A California Court is considering action between two individuals (“Plaintiffs”) and a media company (“Defendant”), alleging privacy violations.
The Plaintiffs alleged that the Defendant collects both public and non-public information about millions of people. They then create cradle-to-grave dossiers on each person. Some of the information collected includes:
- Criminal history
- Financial information
- Employment information
The Defendant pulls this information from publicly available social networks, blogs, and chat rooms. They also use third-party data brokers and law enforcement agencies. By using these agencies, they are able to get information not available to the general public including:
- Live cell phone records
- Location data from billions of licence plate detections
- Real-time booking information from thousands of facilities
- Millions of historical arrest records and intake photos
The Defendant then sells this information to their customers without the knowledge or consent of the people whose data they have collected. They argue that the display of the Plaintiffs’ name or likeness in third-party content does not constitute use of the Plaintiffs’ identity for purposes of a right of publicity claim.
The CCPA states that consumers have the right, at any time, to direct a business to not sell their personal information. The Defendant argued that its conduct cannot be unfair because the CCPA allows it to sell Plaintiffs’ personal information if it provides a mechanism for consumers to opt out of such sales.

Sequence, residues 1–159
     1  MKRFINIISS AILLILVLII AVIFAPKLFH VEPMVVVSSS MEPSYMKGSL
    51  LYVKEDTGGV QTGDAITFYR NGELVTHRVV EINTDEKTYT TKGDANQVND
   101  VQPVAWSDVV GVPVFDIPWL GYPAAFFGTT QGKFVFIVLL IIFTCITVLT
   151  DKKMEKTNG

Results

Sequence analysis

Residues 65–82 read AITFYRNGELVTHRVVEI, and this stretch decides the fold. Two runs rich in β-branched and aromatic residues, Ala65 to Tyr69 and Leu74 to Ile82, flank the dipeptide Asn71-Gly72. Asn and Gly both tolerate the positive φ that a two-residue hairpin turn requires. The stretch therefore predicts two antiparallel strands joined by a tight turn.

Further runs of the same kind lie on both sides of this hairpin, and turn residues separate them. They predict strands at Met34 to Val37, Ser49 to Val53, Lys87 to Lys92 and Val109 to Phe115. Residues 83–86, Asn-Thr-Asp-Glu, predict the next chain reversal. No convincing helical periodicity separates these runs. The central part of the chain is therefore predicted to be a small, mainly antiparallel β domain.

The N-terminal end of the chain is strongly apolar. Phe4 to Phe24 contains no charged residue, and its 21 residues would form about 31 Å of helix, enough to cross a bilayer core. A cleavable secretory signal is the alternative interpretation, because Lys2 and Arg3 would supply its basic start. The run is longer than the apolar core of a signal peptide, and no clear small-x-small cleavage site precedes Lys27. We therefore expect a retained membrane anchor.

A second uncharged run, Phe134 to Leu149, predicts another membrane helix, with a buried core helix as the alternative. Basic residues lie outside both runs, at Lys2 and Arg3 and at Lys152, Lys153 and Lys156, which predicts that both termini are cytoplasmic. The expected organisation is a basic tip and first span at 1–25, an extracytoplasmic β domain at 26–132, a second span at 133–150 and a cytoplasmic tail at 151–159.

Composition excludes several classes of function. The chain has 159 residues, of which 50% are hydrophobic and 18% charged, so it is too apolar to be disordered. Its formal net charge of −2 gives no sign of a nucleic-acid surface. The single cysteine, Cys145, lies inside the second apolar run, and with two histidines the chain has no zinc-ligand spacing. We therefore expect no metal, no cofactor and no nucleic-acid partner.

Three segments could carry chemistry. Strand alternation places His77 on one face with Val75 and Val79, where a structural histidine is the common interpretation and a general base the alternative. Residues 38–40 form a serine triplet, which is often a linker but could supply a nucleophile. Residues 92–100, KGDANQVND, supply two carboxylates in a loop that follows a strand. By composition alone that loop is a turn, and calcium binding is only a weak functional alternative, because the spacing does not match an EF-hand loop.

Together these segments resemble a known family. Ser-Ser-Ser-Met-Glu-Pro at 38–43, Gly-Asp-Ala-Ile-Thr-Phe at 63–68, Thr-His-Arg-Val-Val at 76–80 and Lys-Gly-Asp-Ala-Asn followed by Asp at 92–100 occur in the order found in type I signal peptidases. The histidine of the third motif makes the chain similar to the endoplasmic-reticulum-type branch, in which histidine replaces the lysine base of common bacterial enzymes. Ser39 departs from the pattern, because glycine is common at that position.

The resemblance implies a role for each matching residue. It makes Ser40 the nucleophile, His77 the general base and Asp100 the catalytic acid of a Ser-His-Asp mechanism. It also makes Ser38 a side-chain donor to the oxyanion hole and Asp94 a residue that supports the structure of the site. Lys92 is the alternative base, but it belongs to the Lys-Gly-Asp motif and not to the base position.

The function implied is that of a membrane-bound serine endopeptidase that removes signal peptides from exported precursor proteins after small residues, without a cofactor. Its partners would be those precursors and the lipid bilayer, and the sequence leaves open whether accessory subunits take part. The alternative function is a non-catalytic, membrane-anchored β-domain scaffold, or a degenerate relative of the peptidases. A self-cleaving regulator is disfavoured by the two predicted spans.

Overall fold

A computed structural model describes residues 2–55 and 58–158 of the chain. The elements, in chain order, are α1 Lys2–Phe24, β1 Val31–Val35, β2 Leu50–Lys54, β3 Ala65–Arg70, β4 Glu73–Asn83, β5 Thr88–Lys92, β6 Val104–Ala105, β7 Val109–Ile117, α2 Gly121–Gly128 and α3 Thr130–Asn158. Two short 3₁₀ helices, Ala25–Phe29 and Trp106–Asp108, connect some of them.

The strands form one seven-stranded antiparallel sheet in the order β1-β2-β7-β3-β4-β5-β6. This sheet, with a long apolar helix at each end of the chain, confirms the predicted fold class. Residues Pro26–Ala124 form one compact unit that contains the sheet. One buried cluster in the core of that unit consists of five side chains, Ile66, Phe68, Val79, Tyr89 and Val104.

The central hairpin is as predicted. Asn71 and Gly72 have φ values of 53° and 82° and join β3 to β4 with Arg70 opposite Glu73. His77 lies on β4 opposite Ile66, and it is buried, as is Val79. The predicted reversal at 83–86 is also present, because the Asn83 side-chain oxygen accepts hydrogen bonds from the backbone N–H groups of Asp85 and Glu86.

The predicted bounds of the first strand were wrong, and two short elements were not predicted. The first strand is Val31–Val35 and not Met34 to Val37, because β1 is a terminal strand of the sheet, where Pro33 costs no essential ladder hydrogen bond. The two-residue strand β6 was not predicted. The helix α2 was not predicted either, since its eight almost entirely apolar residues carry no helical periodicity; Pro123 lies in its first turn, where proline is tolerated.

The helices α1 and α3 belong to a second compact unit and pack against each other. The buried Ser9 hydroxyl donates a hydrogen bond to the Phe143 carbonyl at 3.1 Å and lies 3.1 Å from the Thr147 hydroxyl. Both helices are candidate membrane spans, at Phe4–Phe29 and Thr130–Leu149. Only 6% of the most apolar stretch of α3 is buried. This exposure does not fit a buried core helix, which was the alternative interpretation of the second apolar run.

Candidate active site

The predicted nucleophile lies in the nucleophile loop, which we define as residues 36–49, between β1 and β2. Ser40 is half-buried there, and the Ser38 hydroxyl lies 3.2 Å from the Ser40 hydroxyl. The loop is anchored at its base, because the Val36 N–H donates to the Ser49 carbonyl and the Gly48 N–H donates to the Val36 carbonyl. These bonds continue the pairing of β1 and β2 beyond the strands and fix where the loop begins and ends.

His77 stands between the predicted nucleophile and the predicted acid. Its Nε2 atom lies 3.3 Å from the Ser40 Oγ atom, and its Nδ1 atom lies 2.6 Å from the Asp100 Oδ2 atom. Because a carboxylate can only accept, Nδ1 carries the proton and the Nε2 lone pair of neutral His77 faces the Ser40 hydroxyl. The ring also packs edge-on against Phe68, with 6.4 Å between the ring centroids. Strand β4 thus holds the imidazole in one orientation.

It was determined that the Defendant’s opt out mechanism does not necessarily mean that its unauthorized sale of Plaintiffs’ information was fair. When looking at the opt-out mechanism and whether it complied with CCPA it was determined that:
- The tiny link at the bottom of its homepage provides no notice to consumers that the link exists
- The company does not enable consumers who happen to find out about the link to easily make use of it
- It was not easy for consumers to opt-out using minimal steps
It was also determined that the collection of separate pieces of information into a single dossier was a significant invasion of privacy, regardless of whether all the information was publicly available. So, it was concluded the Defendant failed to protect the name and likeness of individuals from unwarranted intrusion or exploitation which is the heart of the law of privacy.
Keeping on top of privacy laws can be overwhelming especially when so many new laws are being implemented. Value Privacy are here to ensure your data is up to standard and are being kept and processed correctly. Contact us for a free, confidential talk about how we can help keep your data up to regulation.